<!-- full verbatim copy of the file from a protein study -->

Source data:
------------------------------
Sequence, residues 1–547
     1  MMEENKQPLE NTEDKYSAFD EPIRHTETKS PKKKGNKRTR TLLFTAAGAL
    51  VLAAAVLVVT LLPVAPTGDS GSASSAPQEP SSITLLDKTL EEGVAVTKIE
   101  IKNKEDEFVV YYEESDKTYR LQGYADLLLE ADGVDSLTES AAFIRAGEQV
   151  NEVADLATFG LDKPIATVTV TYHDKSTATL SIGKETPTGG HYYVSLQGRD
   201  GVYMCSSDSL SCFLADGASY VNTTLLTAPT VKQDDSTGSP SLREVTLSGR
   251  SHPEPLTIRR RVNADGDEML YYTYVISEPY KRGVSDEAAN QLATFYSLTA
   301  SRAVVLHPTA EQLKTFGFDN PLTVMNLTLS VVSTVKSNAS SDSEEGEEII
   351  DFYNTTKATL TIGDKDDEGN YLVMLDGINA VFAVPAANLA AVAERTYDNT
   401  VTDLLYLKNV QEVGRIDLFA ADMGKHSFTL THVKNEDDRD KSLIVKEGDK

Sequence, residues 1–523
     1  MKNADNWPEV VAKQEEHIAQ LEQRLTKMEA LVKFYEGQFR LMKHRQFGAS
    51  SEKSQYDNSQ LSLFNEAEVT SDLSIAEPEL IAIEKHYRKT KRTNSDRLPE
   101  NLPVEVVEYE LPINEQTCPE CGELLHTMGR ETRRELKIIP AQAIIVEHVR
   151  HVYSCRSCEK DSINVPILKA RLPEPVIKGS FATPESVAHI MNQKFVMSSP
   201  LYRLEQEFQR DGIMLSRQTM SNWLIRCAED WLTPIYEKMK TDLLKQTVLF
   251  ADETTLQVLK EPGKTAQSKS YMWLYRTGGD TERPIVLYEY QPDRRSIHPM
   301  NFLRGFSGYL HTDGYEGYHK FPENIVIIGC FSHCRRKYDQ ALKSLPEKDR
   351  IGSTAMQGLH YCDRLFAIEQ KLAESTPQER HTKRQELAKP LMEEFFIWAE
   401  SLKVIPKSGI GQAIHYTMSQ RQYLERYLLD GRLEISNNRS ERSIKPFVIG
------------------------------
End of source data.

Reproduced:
Sequence, residues 1–547
     1  MMEENKQPLE NTEDKYSAFD EPIRHTETKS PKKKGNKRTR TLLFTAAGAL
    51  VLAAAVLVVT LLPVAPTGDS GSASSAPQEP SSITLLDKTL EEGVAVTKIE
   101  IKNKEDEFVV YYEESDKTYR LQGYADLLLE ADGVDSLTES AAFIRAGEQV
   151  NEVADLATFG LDKPIATVTV TYHDKSTATL SIGKETPTGG HYYVSLQGRD
   201  GVYMCSSDSL SCFLADGASY VNTTLLTAPT VKQDDSTGSP SLREVTLSGR
   251  SHPEPLTIRR RVNADGDEML YYTYVISEPY KRGVSDEAAN QLATFYSLTA
   301  SRAVVLHPTA EQLKTFGFDN PLTVMNLTLS VVSTVKSNAS SDSEEGEEII
   351  DFYNTTKATL TIGDKDDEGN YLVMLDGINA VFAVPAANLA AVAERTYDNT
   401  VTDLLYLKNV QEVGRIDLFA ADMGKHSFTL THVKNEDDRD KSLIVKEGDK

Sequence, residues 1–523
     1  MKNADNWPEV VAKQEEHIAQ LEQRLTKMEA LVKFYEGQFR LMKHRQFGAS
    51  SEKSQYDNSQ LSLFNEAEVT SDLSIAEPEL IAIEKHYRKT KRTNSDRLPE
   101  NLPVEVVEYE LPINEQTCPE CGELLHTMGR ETRRELKIIP AQAIIVEHVR
   151  HVYSCRSCEK DSINVPILKA RLPEPVIKGS FATPESVAHI MNQKFVMSSP
   201  LYRLEQEFQR DGIMLSRQTM SNWLIRCAED WLTPIYEKMK TDLLKQTVLF
   251  ADETTLQVLK EPGKTAQSKS YMWLYRTGGD TERPIVLYEY QPDRRSIHPM
   301  NFLRGFSGYL HTDGYEGYHK FPENIVIIGC FSHCRRKYDQ ALKSLPEKDR
   351  IGSTAMQGLH YCDRLFAIEQ KLAESTPQER HTKRQELAKP LMEEFFIWAE
   401  SLKVIPKSGI GQAIHYTMSQ RQYLERYLLD GRLEISNNRS ERSIKPFVIG